The European Commission has published guidelines that companies can follow to assess the privacy implications of their use of Radio Frequency Identification (“RFID”) tags, also known as “smart tags”.

On 6 April 2011, the European Commission signed a voluntary agreement with various parties, including industry groups, the European Network and Information Security Agency (“ENISA)” and EU privacy and data protection watchdogs to address the data protection and privacy implications of RFID applications.

Uses of RFID tags

RFID tags are commonly used on products, for example, by supermarkets to track stock. As the cost of equipment decreases and reliability increases RFID tags are becoming more prevalent and the uses broadened. The European Commission expects around 2.8 billion RFID tags to be sold in 2011, with about a third of these being sold in Europe. Industry groups estimate that this figure could leap to 50 billion by 2020. With RFID tags set to become ubiquitous it is important to review the potential privacy, data protection and security risks.

RFID tags can be used to store personal information and mobile phones utilising RFID technology can store credit card numbers to allow for mobile payment. The technology has been exploited for consumer convenience such as through the automatic payment of road tolls without having to stop at a toll booth. This occurs as the RFID tag is automatically “read” by a reader when it comes within range (normally a few metres).


Whilst the advantages of this technology are clear, the risks for data protection and privacy must be considered. The RFID tags can hold personal data and need to be adequately secure, so the personal data is not released to other readers. Each time a tag is read it also reveals the location of that tag, or in many cases, the person carrying it.


Companies that sign up to the guidelines will agree to undertake personal data and privacy impact assessments of RFID applications before they are released onto the market. The type of impact assessment required will depend upon whether personal data will be processed, if so, a full-scale impact assessment will be required. If personal data will not be processed but the tag will be carried by a person a small scale impact assessment is required. No impact assessment will be required if there will not be any processing of personal information and the tag will not be carried by a person, for example, if the RFID tag is used to track pallets of stock.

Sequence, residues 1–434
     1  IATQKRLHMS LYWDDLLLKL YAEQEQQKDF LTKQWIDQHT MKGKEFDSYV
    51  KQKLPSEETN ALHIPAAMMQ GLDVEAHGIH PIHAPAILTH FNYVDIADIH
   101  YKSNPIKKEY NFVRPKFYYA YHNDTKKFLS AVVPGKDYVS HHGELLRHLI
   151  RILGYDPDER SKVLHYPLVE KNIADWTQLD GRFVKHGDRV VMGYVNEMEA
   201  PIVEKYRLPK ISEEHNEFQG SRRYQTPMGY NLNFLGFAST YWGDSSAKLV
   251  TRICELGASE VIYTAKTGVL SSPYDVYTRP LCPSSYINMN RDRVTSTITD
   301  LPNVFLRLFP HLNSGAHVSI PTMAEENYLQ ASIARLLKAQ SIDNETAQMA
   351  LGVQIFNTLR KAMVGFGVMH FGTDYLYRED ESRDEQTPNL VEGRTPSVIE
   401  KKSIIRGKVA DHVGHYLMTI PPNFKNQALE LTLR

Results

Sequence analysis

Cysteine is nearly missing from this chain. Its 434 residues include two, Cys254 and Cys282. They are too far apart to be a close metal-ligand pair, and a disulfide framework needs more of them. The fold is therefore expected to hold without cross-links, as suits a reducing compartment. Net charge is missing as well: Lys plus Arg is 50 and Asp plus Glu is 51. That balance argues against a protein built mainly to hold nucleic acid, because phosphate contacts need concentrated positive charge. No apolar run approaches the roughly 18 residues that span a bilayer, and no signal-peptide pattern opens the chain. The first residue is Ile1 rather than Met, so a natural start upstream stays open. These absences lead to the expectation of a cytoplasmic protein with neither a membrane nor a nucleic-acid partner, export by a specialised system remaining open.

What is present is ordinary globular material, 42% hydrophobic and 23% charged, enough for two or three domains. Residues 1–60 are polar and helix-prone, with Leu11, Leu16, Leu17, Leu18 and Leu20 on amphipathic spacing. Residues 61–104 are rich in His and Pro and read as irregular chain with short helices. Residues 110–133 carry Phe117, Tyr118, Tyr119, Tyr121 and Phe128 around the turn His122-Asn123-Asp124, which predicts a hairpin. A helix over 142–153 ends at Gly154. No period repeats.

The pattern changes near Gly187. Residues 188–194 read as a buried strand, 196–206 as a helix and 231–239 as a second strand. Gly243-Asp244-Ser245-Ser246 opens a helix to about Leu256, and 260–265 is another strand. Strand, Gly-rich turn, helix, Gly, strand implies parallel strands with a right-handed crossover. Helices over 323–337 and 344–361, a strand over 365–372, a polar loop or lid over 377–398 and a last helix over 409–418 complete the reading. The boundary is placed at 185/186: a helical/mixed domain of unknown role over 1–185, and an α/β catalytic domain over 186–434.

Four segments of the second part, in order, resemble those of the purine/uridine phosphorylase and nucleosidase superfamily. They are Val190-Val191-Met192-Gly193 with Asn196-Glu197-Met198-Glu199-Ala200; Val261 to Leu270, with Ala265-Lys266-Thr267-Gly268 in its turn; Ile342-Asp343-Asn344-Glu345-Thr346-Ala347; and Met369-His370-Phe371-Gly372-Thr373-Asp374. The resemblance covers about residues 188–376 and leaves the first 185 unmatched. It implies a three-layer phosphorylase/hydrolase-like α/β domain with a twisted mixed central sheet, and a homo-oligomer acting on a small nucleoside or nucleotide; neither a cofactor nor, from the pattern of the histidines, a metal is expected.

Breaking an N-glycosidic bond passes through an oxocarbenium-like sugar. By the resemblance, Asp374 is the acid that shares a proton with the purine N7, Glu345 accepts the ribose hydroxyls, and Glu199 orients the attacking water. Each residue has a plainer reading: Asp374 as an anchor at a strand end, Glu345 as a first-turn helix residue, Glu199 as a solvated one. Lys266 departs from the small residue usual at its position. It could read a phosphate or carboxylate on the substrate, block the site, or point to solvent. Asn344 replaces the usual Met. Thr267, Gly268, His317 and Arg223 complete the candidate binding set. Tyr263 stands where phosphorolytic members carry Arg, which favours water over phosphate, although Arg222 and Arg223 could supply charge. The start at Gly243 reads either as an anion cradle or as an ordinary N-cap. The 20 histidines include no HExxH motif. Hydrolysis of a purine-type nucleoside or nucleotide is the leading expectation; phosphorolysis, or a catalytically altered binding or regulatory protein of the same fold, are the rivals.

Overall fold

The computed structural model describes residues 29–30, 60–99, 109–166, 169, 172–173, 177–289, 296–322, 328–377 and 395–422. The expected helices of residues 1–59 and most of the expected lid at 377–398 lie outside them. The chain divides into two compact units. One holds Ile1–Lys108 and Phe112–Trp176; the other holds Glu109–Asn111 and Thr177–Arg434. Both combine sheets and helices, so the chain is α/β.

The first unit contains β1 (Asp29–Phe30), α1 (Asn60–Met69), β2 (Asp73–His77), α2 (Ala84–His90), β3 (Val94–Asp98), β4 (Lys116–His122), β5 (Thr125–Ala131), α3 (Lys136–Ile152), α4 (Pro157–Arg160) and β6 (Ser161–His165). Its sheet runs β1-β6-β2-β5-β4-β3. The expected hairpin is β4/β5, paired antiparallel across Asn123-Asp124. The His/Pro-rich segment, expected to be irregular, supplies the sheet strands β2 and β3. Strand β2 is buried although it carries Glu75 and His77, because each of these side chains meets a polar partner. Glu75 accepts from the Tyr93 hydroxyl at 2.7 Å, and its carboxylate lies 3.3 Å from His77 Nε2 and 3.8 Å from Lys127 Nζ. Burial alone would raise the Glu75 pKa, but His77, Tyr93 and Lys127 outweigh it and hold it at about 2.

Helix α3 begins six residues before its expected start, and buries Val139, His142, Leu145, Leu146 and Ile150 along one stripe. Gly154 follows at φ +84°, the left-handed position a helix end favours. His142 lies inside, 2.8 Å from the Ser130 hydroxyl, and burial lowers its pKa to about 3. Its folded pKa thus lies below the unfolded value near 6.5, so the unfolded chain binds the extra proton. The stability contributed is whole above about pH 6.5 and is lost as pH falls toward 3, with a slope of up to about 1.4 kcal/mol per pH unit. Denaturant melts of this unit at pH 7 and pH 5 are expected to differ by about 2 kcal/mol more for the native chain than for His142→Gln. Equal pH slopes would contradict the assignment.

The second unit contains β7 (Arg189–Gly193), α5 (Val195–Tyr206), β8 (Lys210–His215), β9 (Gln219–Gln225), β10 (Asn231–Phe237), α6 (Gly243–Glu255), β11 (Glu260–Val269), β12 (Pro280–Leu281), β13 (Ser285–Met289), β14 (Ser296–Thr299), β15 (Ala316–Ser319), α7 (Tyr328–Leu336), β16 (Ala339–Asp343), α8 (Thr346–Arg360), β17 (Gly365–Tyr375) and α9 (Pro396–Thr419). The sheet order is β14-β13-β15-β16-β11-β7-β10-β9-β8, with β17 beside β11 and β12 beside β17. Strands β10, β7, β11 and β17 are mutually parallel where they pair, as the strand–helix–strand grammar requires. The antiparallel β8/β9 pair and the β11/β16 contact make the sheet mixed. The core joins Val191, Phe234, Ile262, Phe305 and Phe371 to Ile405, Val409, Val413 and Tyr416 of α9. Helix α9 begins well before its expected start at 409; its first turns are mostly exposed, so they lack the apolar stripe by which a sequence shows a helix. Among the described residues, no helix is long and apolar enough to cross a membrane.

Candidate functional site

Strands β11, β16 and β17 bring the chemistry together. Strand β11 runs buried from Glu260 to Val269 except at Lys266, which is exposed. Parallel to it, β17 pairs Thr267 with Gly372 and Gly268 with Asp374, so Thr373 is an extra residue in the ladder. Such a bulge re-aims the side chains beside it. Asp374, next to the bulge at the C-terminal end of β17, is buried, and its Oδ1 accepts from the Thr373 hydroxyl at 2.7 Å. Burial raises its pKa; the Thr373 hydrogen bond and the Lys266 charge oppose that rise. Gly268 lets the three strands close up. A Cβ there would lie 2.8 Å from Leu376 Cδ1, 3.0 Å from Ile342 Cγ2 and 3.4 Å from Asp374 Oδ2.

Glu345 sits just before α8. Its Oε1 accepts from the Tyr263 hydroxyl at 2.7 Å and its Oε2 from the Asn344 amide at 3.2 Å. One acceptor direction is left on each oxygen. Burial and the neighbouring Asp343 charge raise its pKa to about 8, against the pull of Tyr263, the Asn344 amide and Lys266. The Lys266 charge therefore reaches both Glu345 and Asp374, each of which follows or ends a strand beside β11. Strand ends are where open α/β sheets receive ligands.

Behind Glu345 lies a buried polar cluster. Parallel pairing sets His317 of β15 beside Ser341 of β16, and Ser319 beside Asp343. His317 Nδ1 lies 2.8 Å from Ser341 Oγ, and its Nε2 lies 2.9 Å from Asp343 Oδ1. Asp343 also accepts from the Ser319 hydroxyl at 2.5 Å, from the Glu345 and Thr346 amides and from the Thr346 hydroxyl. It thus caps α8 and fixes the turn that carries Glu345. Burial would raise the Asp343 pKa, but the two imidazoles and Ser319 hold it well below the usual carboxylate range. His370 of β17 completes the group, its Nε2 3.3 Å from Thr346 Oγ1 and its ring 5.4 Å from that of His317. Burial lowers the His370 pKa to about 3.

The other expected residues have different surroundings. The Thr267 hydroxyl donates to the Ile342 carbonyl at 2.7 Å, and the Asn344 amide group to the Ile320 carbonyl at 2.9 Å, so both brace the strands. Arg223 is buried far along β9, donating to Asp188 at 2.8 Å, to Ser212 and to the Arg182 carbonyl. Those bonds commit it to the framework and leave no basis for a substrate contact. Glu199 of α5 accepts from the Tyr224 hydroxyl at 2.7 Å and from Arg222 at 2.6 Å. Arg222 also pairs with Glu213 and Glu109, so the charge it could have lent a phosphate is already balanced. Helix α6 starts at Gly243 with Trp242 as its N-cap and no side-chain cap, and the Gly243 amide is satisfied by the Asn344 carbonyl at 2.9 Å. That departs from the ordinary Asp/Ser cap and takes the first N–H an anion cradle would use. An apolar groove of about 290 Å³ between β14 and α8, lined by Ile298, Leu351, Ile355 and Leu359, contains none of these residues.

Once the impact assessment is completed it should be documented in a report, recording the type of information collected, how this is shared and stored, potential risks and how these will be overcome.
One of the risks that has been a subject of wide debate is the use of RFID tags for profiling and tracking of individuals. If a RFID tag is left activated on a pair of jeans which are sold, this tag could be used to track the individual and build up a picture of their movements and purchasing habits from the records as the tag passes through readers. This type of data is potentially very valuable for advertisers for the purposes of targeted advertising and can pose a serious risk to the individual’s privacy. The European Commission recommends that retailers selling to consumers should deactivate or remove RFID tags at the point of sale unless consumers give their informed consent to keeping the tags operational.


The guidelines are voluntary. However, there are a number of advantages for companies in choosing to sign up and follow them. The agreement offers certainty to companies which observe the guidelines certainty that their use of RFID tags are legal and comply with European privacy legislation.

As well as legal certainty, compliance with the code can have benefits for the brand. As consumers become increasingly concerned about their privacy and how their data is being used, being able to demonstrate compliance with a voluntary code can help to establish consumer trust and confidence.

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